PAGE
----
ACC/AHA Guidelines: Not a Replacement for Clinical Contemplation

On May 19th the Journal of the American College of Cardiology published an illuminating paper by Pant et al. examining the impact of a dramatic change in one of the Cardiac Guidelines. The paper was entitled “Trends in Infective Endocarditis Incidence, Microbiology, and Valve Replacement in the United States from 2000 to 2011”. In 2007 the ACC/AHA Guidelines were radically shifted, advocating an enormous reduction in sub-acute bacterial endocarditis prophylaxis (SBEP) precautions. The rationale for the dramatic shift from an aggressive to a conservative stance emanated from two findings: a lack of RCT evidence for the need for SBEP precautions under most circumstances, and the growing problem of antibiotic resistance. Without claiming prescience or any other such miraculous gift, I will tell you that at the time I predicted a significant future rise in endocarditis. My belief was that the guidelines overshot their intentions. Some individuals, I surmised, have valvular heart disease that predisposes them to developing SBE yet fails to be “significant” enough to make them candidates for the revised SBEP recommendations.

For several years I bucked the system and continued my aggressive prophylaxis. Then I buckled. I followed the guidelines to a tee. Though none of my patients has developed SBE, I now question my decision to cave under the pressure of the guidelines. I have always been one to try to think through issues, to treat patients outside any preordained box and beyond an overly simplified algorithmic construct. But in this case I felt perhaps I should just go with the flow. In truth, it was just easier to do so. My liability was lessened and my decision-making efforts were simplified. Yet, in retrospect, seeing the predictable rise in streptococcal SBE, I have been forced to re-examine my decision. In doing so, once again I am confronted with our current fixation on RCTs as proof positive “evidence,” with all other levels of understanding being “non-evidence”.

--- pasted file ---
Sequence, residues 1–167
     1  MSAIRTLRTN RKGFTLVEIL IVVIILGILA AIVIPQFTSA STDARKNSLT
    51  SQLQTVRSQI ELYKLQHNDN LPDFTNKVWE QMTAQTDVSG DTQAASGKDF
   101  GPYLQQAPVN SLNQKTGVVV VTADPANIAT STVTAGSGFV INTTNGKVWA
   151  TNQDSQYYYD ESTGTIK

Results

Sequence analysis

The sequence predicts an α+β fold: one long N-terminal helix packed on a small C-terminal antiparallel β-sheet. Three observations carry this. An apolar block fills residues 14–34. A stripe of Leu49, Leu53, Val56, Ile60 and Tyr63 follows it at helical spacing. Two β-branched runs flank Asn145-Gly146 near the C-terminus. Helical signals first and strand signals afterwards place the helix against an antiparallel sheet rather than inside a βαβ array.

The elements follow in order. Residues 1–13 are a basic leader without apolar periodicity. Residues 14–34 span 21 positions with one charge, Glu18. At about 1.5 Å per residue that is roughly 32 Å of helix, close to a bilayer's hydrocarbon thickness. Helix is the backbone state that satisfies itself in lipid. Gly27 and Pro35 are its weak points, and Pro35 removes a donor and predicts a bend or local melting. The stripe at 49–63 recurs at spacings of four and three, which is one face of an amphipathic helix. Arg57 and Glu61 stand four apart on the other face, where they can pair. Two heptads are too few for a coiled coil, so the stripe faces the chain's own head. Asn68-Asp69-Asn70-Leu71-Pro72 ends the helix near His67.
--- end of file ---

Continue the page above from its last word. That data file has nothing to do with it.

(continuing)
The absence of RCTs in this construct is tantamount to a lack of evidence. This paradigm is of course false. Many levels of valid evidence exist and oversimplification, though appealing, is inherently flawed and theoretically dangerous. We see this now in eight years of follow up after the change in ACC/AHA SBEP Guidelines. We also see this in many other aspects of everyday practice. Though I chose an easier and perhaps idler path in this circumstance, I will now reverse my position and once again give greater thought to each SBEP recommendation I render. It will take longer to do so; more complex doctor-patient discussions will be required; and larger liability will fall upon my shoulders. But these are the elements required to be a better physician. I owe it to my patients, and equally importantly to myself, to do so. Having said this, pragmatic issues remain. How do we practice medicine in an efficient, cost-effective, economically sound, intellectually stimulating, personalized, high-level fashion, while adhering to the mounting pressure of regulatory changes and requirements? This is the question that requires our most focused attention yet typically receives short shrift. For modern American Medicine to enjoy the future we all believe it deserves, this question, along with its counterparts, deserves our full and undivided attention.

Learn more about preventive cardiology at www.preventivecardiologyinc.com.

For more information about the supplements and vitamins critical to your everyday health visit www.vitalremedymd.com.

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Fish Oil: It Conveys Much More Than Cardiovascular Health

woman jogging at sunrise